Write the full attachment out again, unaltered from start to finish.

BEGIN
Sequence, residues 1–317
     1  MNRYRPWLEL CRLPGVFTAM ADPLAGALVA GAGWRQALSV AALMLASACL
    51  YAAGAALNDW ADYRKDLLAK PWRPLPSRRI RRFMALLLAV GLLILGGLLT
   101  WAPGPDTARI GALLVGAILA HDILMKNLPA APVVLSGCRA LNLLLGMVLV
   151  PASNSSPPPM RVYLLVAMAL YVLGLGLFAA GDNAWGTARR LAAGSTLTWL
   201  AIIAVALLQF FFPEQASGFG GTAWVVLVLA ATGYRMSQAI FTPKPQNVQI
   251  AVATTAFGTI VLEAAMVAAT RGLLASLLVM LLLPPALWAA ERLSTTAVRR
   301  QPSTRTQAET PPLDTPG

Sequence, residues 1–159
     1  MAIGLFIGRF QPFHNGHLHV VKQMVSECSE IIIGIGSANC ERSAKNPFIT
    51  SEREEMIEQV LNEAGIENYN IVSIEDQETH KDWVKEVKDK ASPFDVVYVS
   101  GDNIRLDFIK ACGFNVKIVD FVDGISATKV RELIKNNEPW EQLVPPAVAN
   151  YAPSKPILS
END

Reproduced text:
Sequence, residues 1–317
     1  MNRYRPWLEL CRLPGVFTAM ADPLAGALVA GAGWRQALSV AALMLASACL
    51  YAAGAALNDW ADYRKDLLAK PWRPLPSRRI RRFMALLLAV GLLILGGLLT
   101  WAPGPDTARI GALLVGAILA HDILMKNLPA APVVLSGCRA LNLLLGMVLV
   151  PASNSSPPPM RVYLLVAMAL YVLGLGLFAA GDNAWGTARR LAAGSTLTWL
   201  AIIAVALLQF FFPEQASGFG GTAWVVLVLA ATGYRMSQAI FTPKPQNVQI
   251  AVATTAFGTI VLEAAMVAAT RGLLASLLVM LLLPPALWAA ERLSTTAVRR
   301  QPSTRTQAET PPLDTPG

Sequence, residues 1–159
     1  MAIGLFIGRF QPFHNGHLHV VKQMVSECSE IIIGIGSANC ERSAKNPFIT
    51  SEREEMIEQV LNEAGIENYN IVSIEDQETH KDWVKEVKDK ASPFDVVYVS
   101  GDNIRLDFIK ACGFNVKIVD FVDGISATKV RELIKNNEPW EQLVPPAVAN
   151  YAPSKPILS